Over the past couple of years, I volunteered to teach in the West Tennessee State Penitentiary, where I was part of a faculty cohort that offers humanities seminars to incarcerated women.
The program director had invited me to discuss a play, but I didn’t think I could do justice to a drama in just two brief sessions. So we read Shakespeare’s sonnets instead. Right choice! One student, Aja, was so enthusiastic that she came to the first class having already translated her favorite into her own verse.
The sparse classroom has a corkboard on one wall whose dimensions mirror the shape of a sonnet on the page, giving us a good visual analogue for the form: why would an artist choose to work within such a frame? G. K. Chesterton, who held that art consists in limitation, was only half jesting when he asserted that the most beautiful part of every picture is the frame.
How to Think like Shakespeare
From the footnotes, original source:
Cited by Ian Ker, Chesterton: A Biography (Oxford University Press, 2012), 254.
“If the madman could for an instant become careless, he would become sane. Every one who has had the misfortune to talk with people in the heart or on the edge of mental disorder, knows that their most sinister quality is a horrible clarity of detail; a connecting of one thing with another in a map more elaborate than a maze. If you argue with a madman, it is extremely probable that you will get the worst of it; for in many ways his mind moves all the quicker for not being delayed by the things that go with good judgment. He is not hampered by a sense of humour or by charity, or by the dumb certainties of experience. He is the more logical for losing certain sane affections. Indeed, the common phrase for insanity is in this respect a misleading one. The madman is not the man who has lost his reason. The madman is the man who has lost everything except his reason.”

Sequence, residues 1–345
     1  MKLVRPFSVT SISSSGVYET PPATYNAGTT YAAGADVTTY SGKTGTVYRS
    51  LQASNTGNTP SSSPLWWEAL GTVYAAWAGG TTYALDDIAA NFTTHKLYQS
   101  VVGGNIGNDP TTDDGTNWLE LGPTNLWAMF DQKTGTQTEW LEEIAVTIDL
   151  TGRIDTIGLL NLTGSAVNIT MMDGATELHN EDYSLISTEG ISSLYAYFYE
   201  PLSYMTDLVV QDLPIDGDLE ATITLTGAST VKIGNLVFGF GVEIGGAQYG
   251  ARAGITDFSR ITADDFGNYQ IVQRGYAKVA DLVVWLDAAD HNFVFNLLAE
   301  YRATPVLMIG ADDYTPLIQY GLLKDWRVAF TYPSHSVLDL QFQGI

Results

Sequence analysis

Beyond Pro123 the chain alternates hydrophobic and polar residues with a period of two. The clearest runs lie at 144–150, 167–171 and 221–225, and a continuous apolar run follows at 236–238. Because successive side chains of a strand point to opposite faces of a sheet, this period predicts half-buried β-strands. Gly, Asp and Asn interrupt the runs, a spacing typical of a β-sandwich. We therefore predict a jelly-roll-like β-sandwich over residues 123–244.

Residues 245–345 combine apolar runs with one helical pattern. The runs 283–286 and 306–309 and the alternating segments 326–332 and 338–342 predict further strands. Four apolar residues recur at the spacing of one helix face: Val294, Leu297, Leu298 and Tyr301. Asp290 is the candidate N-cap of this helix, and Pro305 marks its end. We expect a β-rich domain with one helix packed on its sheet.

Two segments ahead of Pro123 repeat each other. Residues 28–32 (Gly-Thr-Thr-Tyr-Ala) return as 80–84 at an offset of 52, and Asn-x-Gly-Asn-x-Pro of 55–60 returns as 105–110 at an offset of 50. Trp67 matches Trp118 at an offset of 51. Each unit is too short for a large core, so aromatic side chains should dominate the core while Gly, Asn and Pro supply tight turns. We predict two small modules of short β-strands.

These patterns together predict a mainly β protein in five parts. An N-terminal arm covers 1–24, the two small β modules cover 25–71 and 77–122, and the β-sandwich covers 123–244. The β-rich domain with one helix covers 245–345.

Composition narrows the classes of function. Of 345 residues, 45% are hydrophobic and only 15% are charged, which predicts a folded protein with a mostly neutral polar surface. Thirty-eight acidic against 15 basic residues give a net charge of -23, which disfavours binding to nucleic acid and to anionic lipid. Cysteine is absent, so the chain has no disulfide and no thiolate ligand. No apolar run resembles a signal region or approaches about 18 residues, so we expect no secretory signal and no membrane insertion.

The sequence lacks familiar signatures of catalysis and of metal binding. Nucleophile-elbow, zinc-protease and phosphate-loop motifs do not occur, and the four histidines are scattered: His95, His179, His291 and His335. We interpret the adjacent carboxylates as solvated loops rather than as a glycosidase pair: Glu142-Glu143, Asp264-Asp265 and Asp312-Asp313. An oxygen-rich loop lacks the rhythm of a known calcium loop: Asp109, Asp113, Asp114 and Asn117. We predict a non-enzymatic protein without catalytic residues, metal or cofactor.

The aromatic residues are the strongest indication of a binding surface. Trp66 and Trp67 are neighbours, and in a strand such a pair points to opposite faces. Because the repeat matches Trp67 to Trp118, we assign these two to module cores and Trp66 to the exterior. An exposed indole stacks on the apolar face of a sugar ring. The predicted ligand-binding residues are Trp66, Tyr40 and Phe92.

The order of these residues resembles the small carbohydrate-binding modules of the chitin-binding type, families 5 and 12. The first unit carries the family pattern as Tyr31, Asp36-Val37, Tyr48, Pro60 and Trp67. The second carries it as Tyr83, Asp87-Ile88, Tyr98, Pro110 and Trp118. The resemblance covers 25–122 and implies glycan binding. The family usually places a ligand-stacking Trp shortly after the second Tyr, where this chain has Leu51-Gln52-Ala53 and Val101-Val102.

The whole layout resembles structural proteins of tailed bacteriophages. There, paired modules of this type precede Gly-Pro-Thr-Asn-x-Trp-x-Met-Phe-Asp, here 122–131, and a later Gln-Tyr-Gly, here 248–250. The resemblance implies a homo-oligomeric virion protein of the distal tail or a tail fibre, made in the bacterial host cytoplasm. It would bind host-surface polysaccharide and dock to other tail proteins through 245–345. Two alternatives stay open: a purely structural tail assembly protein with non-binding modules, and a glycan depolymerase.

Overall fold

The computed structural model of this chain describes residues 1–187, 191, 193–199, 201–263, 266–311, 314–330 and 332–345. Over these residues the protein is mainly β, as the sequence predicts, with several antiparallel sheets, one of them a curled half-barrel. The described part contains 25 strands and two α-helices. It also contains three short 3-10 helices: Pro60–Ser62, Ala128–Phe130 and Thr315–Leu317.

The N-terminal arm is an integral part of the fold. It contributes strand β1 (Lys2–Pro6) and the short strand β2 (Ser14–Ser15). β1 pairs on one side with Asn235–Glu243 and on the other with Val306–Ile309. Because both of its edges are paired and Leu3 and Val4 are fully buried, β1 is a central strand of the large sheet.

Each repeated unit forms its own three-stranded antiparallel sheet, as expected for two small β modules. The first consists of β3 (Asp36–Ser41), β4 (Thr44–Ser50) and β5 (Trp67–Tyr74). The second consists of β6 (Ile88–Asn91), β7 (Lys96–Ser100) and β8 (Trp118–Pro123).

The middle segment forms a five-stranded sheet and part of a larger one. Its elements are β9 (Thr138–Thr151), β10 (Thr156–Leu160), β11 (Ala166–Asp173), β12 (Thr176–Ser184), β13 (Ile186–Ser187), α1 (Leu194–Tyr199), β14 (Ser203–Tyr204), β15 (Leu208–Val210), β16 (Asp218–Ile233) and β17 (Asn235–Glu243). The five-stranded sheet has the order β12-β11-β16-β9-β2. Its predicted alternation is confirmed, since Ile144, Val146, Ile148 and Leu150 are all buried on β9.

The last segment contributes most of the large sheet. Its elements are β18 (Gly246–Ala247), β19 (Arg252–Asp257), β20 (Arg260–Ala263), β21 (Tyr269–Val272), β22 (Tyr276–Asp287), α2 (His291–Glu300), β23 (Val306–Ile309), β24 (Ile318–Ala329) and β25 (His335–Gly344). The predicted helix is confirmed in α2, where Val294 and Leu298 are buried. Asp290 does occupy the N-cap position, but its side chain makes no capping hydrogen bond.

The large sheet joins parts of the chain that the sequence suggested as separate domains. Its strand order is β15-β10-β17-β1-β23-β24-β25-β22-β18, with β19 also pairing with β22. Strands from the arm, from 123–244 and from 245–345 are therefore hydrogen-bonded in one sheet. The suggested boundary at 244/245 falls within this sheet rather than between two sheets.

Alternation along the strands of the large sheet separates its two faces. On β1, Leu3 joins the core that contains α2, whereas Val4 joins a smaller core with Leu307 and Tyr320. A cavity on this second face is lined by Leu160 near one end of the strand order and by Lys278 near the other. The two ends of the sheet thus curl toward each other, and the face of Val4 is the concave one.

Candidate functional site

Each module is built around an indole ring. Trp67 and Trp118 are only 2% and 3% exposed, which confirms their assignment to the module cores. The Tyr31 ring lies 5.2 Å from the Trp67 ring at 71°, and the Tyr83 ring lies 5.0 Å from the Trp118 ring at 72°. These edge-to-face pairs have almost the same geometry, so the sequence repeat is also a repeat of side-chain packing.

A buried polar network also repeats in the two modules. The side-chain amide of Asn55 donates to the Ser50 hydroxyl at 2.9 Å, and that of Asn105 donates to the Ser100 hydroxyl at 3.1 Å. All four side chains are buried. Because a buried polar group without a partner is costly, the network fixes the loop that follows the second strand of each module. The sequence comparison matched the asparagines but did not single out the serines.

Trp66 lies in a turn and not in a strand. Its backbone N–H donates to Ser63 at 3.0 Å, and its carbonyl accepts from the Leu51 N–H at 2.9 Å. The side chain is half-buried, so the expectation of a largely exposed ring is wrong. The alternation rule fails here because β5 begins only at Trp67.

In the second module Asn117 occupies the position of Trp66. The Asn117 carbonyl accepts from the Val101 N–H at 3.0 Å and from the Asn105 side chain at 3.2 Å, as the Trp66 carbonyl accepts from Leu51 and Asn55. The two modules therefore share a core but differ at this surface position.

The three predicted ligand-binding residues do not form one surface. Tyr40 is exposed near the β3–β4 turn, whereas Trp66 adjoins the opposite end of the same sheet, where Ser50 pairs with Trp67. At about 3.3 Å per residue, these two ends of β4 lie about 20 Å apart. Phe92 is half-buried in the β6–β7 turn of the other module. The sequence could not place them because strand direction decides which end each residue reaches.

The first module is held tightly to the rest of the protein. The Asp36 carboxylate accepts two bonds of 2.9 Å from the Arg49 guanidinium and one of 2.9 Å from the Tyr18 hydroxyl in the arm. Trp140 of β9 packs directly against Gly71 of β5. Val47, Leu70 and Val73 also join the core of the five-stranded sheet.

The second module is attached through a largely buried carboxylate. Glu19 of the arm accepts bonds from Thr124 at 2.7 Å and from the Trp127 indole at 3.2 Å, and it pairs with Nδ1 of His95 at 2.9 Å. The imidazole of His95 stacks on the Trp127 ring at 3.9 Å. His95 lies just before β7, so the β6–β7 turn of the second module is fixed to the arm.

Orthodoxy, G.K. Chesterton
QUESTION: Was it Chesterton who said, “Angels fly because they take themselves lightly”?
ANSWER: A resounding Yes! The line, which has shown up on posters, cards, needlepoints, and calendars everywhere, actually reads “Angels can fly because they can take themselves lightly.” It comes from the chapter entitled “The Eternal Revolution,” in Chesterton’s great book, Orthodoxy.
via The Society of Gilbert Keith Chesterton
In the preface to that admirable collection of essays of his called ‘Heretics,’ Mr. Chesterton writes these words: “There are some people–and I am one of them–who think that the most practical and important thing about a man is still his view of the universe. We think that for a landlady considering a lodger, it is important to know his income, but still more important to know his philosophy. We think that for a general about to fight an enemy, it is important to know the enemy’s numbers, but still more important to know the enemy’s philosophy. We think the question is not whether the theory of the cosmos affects matters, but whether, in the long run, anything else affects them.”
I think with Mr. Chesterton in this matter. I know that you, ladies and gentlemen, have a philosophy, each and all of you, and that the most interesting and important thing about you is the way in which it determines the perspective in your several worlds. You know the same of me.
Pragmatism, A New Name for Some Old Ways of Thinking – William James